We think, communicate, and keep it simple. Unless something breaks, we don’t run out and buy anything. We always shop around and research our options. Never being impulsive not only saves us a lot of money, but also from the potential heartbreak of an uninformed decision. Is it something we can we can live without or make-do with something we already have? Is it worth it to spend a little more to get something better, or will something cheaper solve the issue?
Our little G20
We use what we have, even if it’s not optimal. Planning, research and patience also come into play with things we do decide are necessary. If it’s not used, on sale, or we don’t have a coupon, we don’t buy it. We also spend a lot of time on Craigslist and Ebay. When Neil and I first met and lived 3 hours a part. He bought a used 1992 Infiniti G20 to make the trip back and forth. It was a peach, …with no radio, working windows or trunk lock. When he relocated, we continued driving that car for 3 more years while we saved and planned our next car purchase. Even with all its quirks we were able to re-sell it for $700 and use the money toward our new used car!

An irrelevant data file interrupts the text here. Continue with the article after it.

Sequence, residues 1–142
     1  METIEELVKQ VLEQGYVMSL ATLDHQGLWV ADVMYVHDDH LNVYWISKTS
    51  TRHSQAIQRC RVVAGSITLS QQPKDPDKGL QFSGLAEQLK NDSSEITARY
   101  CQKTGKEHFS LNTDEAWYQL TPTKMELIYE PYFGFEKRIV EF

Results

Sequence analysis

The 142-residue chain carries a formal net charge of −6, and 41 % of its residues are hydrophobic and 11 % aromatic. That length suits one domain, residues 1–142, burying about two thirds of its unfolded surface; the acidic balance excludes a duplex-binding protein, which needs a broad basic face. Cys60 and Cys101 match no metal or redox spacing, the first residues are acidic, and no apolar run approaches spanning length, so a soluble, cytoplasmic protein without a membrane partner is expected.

We do it ourselves. And if we don’t know how, we learn or ask for help. One of the best parts of saving money is all the great things you learn how to do. Sure, sometimes you learn from things that go terribly wrong, but often times the education for next time is worth far more than the costly repair of something unexpected. For the most part though, knowing how to do it yourself not only saves you money in labor to pay someone else, but allows you to take advantage of opportunities to save money when they arise. Knowing how to refinish furniture and do your own home/auto maintenance has saved us a bundle.
We share and downsize wherever possible. Because it’s just the two of us, we’ve been able to save money by sharing things we used to buy separately. Soap, shampoo, face wash and our miniscule amount of beauty products are shared. Growing up the way we have, neither of us have ever been slaves to beauty products. I didn’t even own make-up until I was in high school and could buy it for myself. We also get cheap haircuts and I dye my hair from a box. I’m always excited to tell people who ask that my cut and color are less than $20! We’ve also made the move to a shared commute to work and making our own coffee and baked goods. We’re even considering used bikes when Neil’s office transfers on campus this fall.
Neil on our honeymoon last year. The trip cost us less than $500!